Maritime communications equipment
Updated 11 Oct 2019
Although there is still a place in modern shipping for much older communications systems such as flags, lamps and sounds, these are not the focus of this work, which is concerned with the various types of electronic systems.
A vast array of communications equipment is carried on modern ships. Leaving aside personal devices such as mobile phones and computers able to connect to 3G and 4G data networks or wi-fi hotspots, the lowest level of marine communications is the VHF radio.
VHF operates on a range of frequencies with each frequency given a channel number. There are more than 80 channels but not all are used for marine purposes.
While many channels are allocated by international agreement for specific purposes, others are reserved for specific communication purposes by national maritime authorities or VTS systems.
The following VHF marine frequencies have been set aside by the ITU for particular purposes. These frequencies are internationally accepted by most nations and will be found on all VHF marine radios regardless of where or by whom they are manufactured.
- Channel 16 (156.800MHz): The international distress, safety and calling frequency.
- Channel 70 (156.525MHz): Digital Selective Calling frequency.
- Channel 13 (156.650MHz): Bridge to Bridge navigation frequency.
- Channel 06 (156.300MHz), Channel 10 (156.500MHz), Channel 67(156.375MHz), and Channel 73 (156.675MHz): Reserved for coordinated search and rescue operations.
Many countries have assigned closely-related safety communications traffic to these frequencies as well as their primary SAR usage. Channels can be either simplex or duplex. Simplex is where both transmitter and receiver are operating on a single (or the same) frequency, for example VHF CH 12 and VHF CH 16. On simplex channels it is not possible to transmit and receive simultaneously.
Simplex channels are mainly used for distress, urgency, safety and routine calling purposes, port, pilotage, harbour and inter-ship operations. Conversations on simplex channels can be heard by all receivers operating on the same channel.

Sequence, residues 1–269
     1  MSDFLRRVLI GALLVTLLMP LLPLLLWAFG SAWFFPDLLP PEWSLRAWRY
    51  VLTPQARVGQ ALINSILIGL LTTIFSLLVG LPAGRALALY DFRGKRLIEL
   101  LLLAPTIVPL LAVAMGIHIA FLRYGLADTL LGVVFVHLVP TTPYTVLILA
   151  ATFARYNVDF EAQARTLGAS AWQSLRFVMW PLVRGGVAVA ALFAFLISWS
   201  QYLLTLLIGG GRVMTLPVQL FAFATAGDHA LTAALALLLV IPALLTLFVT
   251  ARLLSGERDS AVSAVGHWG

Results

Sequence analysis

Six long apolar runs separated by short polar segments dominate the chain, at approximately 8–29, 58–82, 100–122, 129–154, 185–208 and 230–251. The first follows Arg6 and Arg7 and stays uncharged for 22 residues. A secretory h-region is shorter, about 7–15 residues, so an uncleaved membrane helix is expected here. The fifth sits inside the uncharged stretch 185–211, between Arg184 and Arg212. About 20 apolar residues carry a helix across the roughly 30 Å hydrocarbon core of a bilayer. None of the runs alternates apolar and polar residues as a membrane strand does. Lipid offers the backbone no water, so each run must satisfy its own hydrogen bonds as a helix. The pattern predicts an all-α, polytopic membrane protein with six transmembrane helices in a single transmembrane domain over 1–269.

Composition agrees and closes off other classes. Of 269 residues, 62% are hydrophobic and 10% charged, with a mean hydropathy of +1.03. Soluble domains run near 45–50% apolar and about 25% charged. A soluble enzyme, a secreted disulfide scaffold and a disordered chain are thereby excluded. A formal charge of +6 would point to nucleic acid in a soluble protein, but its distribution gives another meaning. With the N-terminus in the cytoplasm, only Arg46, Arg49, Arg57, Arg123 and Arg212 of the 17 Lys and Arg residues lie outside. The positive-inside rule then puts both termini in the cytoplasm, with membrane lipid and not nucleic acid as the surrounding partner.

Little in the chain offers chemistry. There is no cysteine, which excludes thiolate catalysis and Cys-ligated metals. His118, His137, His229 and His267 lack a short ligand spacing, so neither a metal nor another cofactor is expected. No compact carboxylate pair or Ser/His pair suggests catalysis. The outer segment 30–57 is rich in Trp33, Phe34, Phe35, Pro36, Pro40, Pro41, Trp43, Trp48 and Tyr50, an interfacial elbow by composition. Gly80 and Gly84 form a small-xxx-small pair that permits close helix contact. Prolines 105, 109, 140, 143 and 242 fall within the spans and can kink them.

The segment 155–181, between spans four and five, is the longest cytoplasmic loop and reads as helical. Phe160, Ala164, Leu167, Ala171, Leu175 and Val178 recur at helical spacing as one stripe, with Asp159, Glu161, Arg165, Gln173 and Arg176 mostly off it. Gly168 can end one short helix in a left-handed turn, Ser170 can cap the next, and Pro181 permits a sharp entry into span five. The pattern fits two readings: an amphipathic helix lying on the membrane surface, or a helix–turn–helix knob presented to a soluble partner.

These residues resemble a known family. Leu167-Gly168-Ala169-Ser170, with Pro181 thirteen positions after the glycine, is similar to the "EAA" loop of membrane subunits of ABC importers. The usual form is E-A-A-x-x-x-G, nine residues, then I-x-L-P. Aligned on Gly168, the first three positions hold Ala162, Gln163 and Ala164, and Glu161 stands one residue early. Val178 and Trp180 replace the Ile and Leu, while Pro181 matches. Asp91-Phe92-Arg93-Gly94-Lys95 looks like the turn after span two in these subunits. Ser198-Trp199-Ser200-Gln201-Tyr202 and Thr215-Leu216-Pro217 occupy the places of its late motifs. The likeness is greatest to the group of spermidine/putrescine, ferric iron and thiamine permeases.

Duplex channels are normally only used for communication between vessels and coast radio stations and for port operations and ship movement. With duplex channels transmissions can only be heard by the coast radio station. However, all ship stations listening to the same channel can hear the coast radio station transmission.
VHF radios can be fixed or portable. The fixed equipment is housed on the bridge or radio room and will likely be part of the ship’s GMDSS equipment. It will be used for bridge-to-bridge communications and conversations with VTS etc.
Portable VHF radios are used on ships for routine on-board communications such as when mooring and unmooring or during cargo handling when conversations may take place between the ship and stevedores ashore. Some portable VHF sets will have GPS and DSC capability meaning they can be used for both routine and GMDSS purposes.
The IMO performance standard requires that portable VHF equipment intended to be used in lifeboats and liferafts should:
- provide operation on VHF channel 16 (the radiotelephone distress and calling channel) and one other channel;
- be capable of operation by unskilled personnel;
- be capable of operation by personnel wearing gloves;
- be capable of single-handed operation, except for channel changing;
- withstand drops on to a hard surface from a height of 1m;
- be watertight to a depth of 1m for at least 5 minutes, and maintain watertightness when subjected to a thermal shock of 45°C;
- not be unduly effected by seawater or oil;
- have no sharp projections which could damage survival craft;
- be of small size and weight;
- be capable of operating in the ambient noise level likely to be encountered on board survival craft;
- have provisions for attachment to the clothing of the user;
- be either a highly-visible yellow/orange colour or marked with a surrounding yellow/orange marking strip; and
- be resistant to deterioration by prolonged exposure to sunlight.
Approved VHF sets of fixed and portable and both GMDSS and non-GMDSS types are freely available at almost every port from ship chandlers and specialist equipment providers. Prices vary but the normal outlay is between US$100-200 for a handheld VHF, with fixed sets costing around double that.
Depending on the sea areas (A1-A4) a ship operates in, the GMDSS requirements will dictate what communications systems are carried.